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She is promoter of Advanced Performance Nutrition Supplements, a company “committed to introducing to the athletic community new, effective and ‘state-of-the-art’ performance enhancing products.”

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In 2013, Yeon-woo won the Arnold Classic Europe Women’s Physique competition.

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Yeon-woo has also been featured on the YouTube channel of Bodybuilding League, an online blog magazine covering lifestyle, diet and nutrition news for fitness fanatics.

And just in case there are any doubters, here’s a video of Yeon-woo posing and taking pictures with fans during the 2014 Olympia, “Meet the Olympians” event.

 

Futuristic “wearable chair” exoskeleton allows you to sit while standing

If you work a job where you’re standing all day, you’ll know how much strain you can put on your feet, hips, and joints. Depending on the line of work, you may have the opportunity to sit down and give your legs a break throughout the day, but if you’re, say, a medical surgeon, you don’t always get that option.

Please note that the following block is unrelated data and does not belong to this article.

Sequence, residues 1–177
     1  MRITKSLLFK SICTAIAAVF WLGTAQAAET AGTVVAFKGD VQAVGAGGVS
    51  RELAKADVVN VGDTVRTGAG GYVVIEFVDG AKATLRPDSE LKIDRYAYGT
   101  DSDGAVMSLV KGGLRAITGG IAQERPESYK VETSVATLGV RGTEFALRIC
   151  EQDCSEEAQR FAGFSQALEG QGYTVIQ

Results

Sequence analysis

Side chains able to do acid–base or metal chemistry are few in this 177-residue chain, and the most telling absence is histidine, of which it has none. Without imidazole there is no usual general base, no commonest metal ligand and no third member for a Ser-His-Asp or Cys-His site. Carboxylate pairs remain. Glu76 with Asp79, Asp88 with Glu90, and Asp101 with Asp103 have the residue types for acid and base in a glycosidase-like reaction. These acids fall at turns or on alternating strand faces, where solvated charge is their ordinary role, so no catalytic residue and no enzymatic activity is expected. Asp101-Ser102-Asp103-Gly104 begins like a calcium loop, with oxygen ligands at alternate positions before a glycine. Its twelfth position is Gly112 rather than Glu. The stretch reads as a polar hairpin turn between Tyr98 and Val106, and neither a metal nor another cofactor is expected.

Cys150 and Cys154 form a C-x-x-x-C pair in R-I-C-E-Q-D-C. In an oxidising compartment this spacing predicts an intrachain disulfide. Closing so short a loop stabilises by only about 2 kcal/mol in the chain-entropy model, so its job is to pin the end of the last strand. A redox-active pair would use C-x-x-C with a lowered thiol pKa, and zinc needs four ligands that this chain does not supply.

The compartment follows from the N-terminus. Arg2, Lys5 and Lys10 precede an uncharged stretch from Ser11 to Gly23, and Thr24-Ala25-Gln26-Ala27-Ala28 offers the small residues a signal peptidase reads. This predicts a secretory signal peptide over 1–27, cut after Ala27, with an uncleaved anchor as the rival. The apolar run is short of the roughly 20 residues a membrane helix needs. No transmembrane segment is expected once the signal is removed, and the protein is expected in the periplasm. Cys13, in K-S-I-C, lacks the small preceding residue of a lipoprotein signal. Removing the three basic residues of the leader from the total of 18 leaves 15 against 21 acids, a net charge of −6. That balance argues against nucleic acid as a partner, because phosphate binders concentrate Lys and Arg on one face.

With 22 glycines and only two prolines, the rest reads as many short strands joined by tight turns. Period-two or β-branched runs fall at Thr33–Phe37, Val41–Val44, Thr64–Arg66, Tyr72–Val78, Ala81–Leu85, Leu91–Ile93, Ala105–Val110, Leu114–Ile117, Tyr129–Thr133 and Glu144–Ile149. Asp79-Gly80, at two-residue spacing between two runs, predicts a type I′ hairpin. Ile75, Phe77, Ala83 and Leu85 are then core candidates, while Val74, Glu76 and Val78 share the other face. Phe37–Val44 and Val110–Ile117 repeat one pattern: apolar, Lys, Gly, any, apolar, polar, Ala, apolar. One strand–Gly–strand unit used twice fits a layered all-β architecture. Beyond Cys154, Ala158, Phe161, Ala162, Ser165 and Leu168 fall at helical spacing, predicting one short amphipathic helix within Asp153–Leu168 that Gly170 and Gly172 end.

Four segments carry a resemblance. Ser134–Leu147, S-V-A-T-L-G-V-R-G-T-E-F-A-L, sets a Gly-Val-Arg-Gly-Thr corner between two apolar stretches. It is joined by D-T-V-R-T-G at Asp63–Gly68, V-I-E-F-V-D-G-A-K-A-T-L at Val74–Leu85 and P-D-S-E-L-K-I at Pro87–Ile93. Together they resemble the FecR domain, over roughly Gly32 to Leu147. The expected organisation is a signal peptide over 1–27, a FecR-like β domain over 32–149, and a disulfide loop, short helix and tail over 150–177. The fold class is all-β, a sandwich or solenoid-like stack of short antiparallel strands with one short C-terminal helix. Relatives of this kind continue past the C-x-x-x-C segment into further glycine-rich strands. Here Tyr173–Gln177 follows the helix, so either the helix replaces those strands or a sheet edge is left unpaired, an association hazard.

But what if you had a chair with you at all times? What if you could sit without actually sitting? It sounds absurd, but the archelis “wearable chair” allows for just that.

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Planned and produced by Japanese company Nitto under the supervision of Chiba University’s Frontier Medical Engineering Center, archelis simply straps onto your legs, allowing the “chair” to move along with you. By bending your knees and putting your weight on the upper sections of the unit, archelis supports your body in the same way as if you were sitting, taking the strain off your tired legs and feet.

▼ Pictured: not Portal 2‘s long-fall boots

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The device is ergonomically designed using a combination of tough metal and carbon to be both durable yet is light enough to allow for comfort and ease of movement. For surgeons who need to stay standing and focused for hours on end, this could be the welcomed relief they need.

Archelis is still in development and does not yet have a set price or release date, but any updates on production will be announced on the website. While the unit was designed with medical staff in mind, we can definitely see this being used in a number of different applications, such as allowing people who have difficulty walking or standing for long periods of time a little respite.